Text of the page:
Shark Tale

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Shark Tale aims to be an animated, under-the-sea, urban, laugh bath; but swimming in on the tail of Disney’s marine blockbuster, Finding Nemo, this fish flick doesn’t smell all that fresh. And if you thought that last line was a sinker, be warned that there are more inane puns in this film than you can shake a lure at.

Shark Tale takes on mob movies just as Shrek — which was born of the same studio and director — skewered fairy tales. Only this time, the wit is washed up. Set in an underwater metropolis modeled after a human city, the movie stars the voice of Will Smith as Oscar, a small fish in a big pond who tells a whopper of a lie to make a giant splash (sorry, couldn’t resist). Jack Black is Lenny, a member of the shark mafia family that terrorizes the reef, but he swims to a different current (again, sorry). Robert De Niro, Angelina Jolie, Martine Scorsese and Renee Zellweger also lend their voices.

The reef city forms the perfect playground for played-out puns: shell phones, swim/don’t swim street signals, television anchorwoman Katie Current and scallop polls for elections. Hoo boy, they don’t stop there. At one point, Oscar directs his fellow fish to “raise the reef,” instead of “raise the roof.” Ouch.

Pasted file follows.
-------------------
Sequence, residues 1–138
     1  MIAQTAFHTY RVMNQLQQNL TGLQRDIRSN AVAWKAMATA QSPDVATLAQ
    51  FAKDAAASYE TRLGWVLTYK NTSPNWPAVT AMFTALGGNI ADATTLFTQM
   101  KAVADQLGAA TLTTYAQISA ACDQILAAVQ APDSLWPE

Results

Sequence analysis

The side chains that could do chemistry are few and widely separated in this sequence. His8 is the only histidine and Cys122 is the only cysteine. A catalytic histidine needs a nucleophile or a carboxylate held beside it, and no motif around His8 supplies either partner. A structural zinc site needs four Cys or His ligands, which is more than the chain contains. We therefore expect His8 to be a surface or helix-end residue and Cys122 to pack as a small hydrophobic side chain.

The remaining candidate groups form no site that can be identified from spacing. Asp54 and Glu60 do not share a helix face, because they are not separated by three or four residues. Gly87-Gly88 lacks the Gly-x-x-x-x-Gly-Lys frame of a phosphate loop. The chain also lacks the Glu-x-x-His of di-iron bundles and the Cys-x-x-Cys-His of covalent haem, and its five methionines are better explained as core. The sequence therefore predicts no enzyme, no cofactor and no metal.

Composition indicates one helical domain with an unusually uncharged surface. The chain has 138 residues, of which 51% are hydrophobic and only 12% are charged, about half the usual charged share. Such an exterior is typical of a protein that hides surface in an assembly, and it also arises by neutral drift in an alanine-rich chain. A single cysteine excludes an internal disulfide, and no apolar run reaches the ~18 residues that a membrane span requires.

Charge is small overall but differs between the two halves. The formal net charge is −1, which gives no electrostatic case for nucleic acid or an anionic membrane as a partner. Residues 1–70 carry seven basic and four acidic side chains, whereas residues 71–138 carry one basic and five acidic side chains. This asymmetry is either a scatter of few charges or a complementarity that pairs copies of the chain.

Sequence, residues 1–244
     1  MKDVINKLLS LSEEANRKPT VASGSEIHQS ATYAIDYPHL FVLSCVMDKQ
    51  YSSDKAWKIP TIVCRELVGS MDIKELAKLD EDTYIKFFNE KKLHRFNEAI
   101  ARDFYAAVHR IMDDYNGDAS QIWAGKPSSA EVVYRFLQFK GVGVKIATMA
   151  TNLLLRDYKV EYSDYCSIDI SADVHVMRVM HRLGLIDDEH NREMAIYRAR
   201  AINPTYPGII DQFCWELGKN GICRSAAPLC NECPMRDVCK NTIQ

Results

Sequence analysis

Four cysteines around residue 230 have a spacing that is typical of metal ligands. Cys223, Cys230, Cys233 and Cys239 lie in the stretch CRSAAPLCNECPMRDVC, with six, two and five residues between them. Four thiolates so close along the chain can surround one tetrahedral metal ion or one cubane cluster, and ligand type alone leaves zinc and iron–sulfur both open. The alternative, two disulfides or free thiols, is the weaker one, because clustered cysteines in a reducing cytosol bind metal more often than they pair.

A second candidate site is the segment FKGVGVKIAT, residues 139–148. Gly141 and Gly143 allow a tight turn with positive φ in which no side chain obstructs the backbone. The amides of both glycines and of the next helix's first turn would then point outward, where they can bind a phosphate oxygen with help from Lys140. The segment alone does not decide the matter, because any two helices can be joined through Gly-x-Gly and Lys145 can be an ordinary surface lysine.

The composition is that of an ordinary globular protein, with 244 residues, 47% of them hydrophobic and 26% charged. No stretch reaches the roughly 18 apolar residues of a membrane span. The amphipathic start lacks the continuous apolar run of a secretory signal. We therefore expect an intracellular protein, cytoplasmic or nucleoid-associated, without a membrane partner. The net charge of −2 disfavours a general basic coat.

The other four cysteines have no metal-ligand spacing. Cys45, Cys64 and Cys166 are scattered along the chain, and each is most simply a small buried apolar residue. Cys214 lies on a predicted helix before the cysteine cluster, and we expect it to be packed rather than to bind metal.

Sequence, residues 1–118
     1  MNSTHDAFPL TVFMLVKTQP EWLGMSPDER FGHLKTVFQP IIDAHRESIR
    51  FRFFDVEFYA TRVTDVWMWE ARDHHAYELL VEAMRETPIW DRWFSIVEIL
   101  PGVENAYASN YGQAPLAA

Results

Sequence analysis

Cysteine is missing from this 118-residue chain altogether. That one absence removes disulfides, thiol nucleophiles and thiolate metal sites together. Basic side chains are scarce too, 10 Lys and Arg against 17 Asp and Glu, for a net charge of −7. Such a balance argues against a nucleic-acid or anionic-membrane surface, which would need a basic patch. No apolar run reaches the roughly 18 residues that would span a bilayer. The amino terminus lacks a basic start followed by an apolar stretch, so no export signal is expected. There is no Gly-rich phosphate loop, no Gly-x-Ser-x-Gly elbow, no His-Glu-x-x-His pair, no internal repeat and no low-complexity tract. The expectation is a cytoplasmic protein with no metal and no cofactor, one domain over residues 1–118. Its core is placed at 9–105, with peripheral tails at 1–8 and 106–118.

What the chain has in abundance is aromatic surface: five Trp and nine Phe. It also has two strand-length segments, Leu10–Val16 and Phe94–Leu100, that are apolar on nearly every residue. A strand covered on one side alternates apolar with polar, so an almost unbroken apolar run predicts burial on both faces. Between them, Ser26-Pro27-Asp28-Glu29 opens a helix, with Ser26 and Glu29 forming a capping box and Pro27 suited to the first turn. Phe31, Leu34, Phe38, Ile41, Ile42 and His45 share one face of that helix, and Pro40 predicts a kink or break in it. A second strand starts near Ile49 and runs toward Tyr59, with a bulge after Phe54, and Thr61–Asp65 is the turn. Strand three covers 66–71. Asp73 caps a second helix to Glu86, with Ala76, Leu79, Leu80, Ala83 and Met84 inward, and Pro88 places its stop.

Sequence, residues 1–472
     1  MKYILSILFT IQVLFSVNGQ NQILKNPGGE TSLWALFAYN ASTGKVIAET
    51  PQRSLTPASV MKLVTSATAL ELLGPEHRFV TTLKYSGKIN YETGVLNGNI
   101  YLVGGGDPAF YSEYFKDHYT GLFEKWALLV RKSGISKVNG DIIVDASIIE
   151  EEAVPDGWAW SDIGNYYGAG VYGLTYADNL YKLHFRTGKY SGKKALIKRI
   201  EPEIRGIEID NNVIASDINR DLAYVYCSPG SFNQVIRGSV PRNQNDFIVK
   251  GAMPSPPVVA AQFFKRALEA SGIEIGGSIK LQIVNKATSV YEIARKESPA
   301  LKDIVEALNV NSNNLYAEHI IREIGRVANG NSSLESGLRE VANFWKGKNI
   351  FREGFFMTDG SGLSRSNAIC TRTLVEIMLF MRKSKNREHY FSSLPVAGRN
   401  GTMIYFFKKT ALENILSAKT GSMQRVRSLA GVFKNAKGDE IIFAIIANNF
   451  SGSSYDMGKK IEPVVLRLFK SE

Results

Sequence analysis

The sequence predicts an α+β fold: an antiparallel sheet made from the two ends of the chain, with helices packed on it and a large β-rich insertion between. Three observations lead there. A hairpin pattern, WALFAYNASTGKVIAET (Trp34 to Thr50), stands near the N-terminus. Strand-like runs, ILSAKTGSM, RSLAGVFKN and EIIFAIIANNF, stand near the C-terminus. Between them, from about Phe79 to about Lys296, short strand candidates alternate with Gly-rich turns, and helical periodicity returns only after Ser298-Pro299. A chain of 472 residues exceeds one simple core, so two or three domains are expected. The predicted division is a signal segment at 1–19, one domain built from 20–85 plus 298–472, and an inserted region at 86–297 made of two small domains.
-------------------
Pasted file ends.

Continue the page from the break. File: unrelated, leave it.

Even the animation is run-of-the-mill, save for a moment or two of ingenuity. One of those moments is at the “whale wash,” where Oscar and various forms of marine life scrub the grunge off whales. Set to a cover of “Car Wash” by Christina Aguilera and Missy Elliot, this is as fun as the movie gets.

The one truly clever aspect of Shark Tale is less innocent: The filmmakers disguise product placements as jokes. Oscar buys his girlfriend some Kelpy (instead of Krispy) Kremes and billboards in the reef city sell for Fish (instead of Burger) King. Kids will be bombarded with Shark Tale merchandising when they leave the theater — do they have to sit through thinly disguised ads for things like Coke in the movie, too?

No matter how hip Shark Tale can be, that just isn’t cool.

Clare Pfeiffer Ramsey writes about film for Metro Times. Send comments to letters@metrotimes.com.

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